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Coakley v. Posey

United States District Court, E.D. Michigan, Southern Division

September 13, 2019

TYWAUN COAKLEY, Plaintiff,
v.
DET. STEVE POSEY, DETROIT POLICE DEPARTMENT and CITY OF DETROIT, Defendants.

          OPINION AND ORDER OF SUMMARY DISMISSAL OF COMPLAINT (ECF NO. 1)

          Paul D. Borman United States District Judge.

         Plaintiff Tywaun Coakley's pro se civil rights complaint under 42 U.S.C. § 1983 is before the Court for initial screening following a grant of in forma pauperis status. (ECF No. 4.) Under 28 U.S.C. §§ 1915A and 1915(e), and 42 U.S.C. § 1997e(c)(1), the Court is required to dismiss the case before service on defendants if it determines that the action is frivolous or malicious, fails to state a claim upon which relief can be granted, or seeks monetary relief against a defendant who is immune from such relief. Having made such a finding, the Court will dismiss the complaint.

         I. Background

         Plaintiff names as defendants Detective Steve Posey, the Detroit Police Department, and (in caption only) the City of Detroit, Michigan. (ECF No. 1.) Plaintiff's brief factual allegations address only Det. Posey's conduct and consist of the following:

In September 2016, Detective Posey did give sworn testimony that he knew to be false at a probable cause hearing against the Plaintiff in order to obtain a first degree murder indictment against the Plaintiff.
Detective Posey gave testimony that the Plaintiff did confess to the murder on paper and or video.
This testimony was found to be false.

(Compl. at 6, ECF No. 1, PageID 6.) Plaintiff's requested relief is for $1, 000, 000 plus costs for mental duress and recovery of legal fees and “lost of wages.” (Id. at 9.)

         II. Screening Procedure and Pleading Standards

         Under the Prison Litigation Reform Act (“PLRA”), the Court is required to dismiss sua sponte an in forma pauperis complaint before service if it determines that the action is frivolous, malicious, fails to state a claim upon which relief can be granted, or seeks monetary relief from a defendant immune from such relief. 42 U.S.C. § 1997e(c); 28 U.S.C. §§ 1915(e)(2)(B), 1915A(b). When evaluating a complaint under that standard, courts “construe the complaint in the light most favorable to the plaintiff, accept all well-pleaded factual allegations as true, and examine whether the complaint contains ‘sufficient factual matter, accepted as true, to state a claim to relief that is plausible on its face.'” Hill v. Snyder, 878 F.3d 193, 203 (6th Cir. 2017) (quoting Ashcroft v. Iqbal, 556 U.S. 662, 678 (2009)). A pro se civil rights complaint is to be construed liberally. Boag v. MacDougall, 454 U.S. 364, 365 (1982) (per curiam); Haines v. Kerner, 404 U.S. 519, 520-21 (1972).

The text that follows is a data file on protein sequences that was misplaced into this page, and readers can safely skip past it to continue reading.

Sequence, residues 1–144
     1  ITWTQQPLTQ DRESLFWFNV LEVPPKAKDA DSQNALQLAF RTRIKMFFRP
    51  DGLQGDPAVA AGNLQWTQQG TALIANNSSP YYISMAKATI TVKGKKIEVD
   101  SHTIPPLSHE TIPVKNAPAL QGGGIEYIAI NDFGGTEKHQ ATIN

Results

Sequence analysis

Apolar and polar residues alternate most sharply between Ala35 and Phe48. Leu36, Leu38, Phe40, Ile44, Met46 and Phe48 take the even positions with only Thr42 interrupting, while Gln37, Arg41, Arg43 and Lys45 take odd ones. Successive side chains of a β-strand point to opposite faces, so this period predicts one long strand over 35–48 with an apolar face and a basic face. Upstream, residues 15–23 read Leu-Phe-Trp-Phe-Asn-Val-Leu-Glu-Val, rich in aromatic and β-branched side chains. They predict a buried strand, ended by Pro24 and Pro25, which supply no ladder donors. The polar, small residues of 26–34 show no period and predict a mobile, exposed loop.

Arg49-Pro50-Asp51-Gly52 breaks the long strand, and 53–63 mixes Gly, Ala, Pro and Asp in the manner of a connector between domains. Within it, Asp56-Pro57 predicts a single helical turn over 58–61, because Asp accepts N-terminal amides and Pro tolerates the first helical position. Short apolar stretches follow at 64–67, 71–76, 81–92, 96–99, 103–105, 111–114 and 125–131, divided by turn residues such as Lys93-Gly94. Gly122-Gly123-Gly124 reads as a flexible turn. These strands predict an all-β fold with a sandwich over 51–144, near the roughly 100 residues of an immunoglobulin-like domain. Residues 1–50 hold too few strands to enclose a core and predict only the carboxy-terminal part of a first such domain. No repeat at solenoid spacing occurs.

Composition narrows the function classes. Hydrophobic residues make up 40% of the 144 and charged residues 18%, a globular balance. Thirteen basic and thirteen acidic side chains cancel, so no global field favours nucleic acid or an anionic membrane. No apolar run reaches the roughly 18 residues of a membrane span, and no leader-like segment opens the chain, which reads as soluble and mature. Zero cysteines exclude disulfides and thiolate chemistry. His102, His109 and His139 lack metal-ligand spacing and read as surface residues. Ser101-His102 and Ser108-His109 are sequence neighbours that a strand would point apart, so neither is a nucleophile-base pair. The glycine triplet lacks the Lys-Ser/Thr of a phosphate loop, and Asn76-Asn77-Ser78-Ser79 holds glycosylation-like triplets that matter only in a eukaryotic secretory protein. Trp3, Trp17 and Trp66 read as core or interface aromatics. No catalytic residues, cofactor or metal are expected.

A complaint must set forth “a short and plain statement of the claim showing that the pleader is entitled to relief, ” as well as “a demand for the relief sought.” Fed.R.Civ.P. 8(a)(2), (3). “[D]etailed allegations” are not necessary, but under Rule 8(a) the pleading must “‘give the defendant fair notice of what the . . . claim is and the grounds upon which it rests.'” Bell Atlantic Corp. v. Twombly, 550 U.S. 544, 555 (2007) (quoting Conley v. Gibson, 355 U.S. 41, 47 (1957)). This standard “demands more than an unadorned, the-defendant-unlawfully-harmed-me accusation.” Iqbal, 566 U.S. at 677 (citing Twombly, 550 U.S. at 555).

         To state a civil rights claim under 42 U.S.C. § 1983, “a plaintiff must set forth facts that, when construed favorably, establish (1) the deprivation of a right secured by the Constitution or laws of the United States (2) caused by a person acting under the color of state law.” West v. Atkins, 487 U.S. 42, 48 (1988); Dominguez v. Corr. Med. Servs., 555 F.3d 543, 549 (6th Cir. 2009) (citation omitted). A plaintiff must also allege “more than just mere negligence, ” Fisher v. City of Memphis, 234 F.3d 312, 317 (6th Cir. 2000) (citations omitted), and must establish the liability of each individual defendant by that person's own conduct. Iqbal, 556 U.S. at 676.

         Municipalities are ineligible for Eleventh Amendment sovereign immunity Jinks v. Richland Cty., S.C., 538 U.S. 456, 466 (2003). However, “[a] municipality faces § 1983 liability only when its execution of a policy or custom is the ‘moving force' behind the constitutional violation.” Deruso v. City of Detroit, 121 Fed.Appx. 64, 65 (6th Cir. 2005) (citing Sova v. City of Mt. Pleasant, 142 F.3d 898, 904 (6th Cir. 1998)). And a city agency, such as its police department, is not a proper party in a section 1983 action; rather, the municipality itself is the “real party in interest.” Haverstick Enter., Inc. v. Fin. Fed. Credit, Inc., 32 F.3d 989, 992, n. 1 (6th Cir. 1994).

         III. ...


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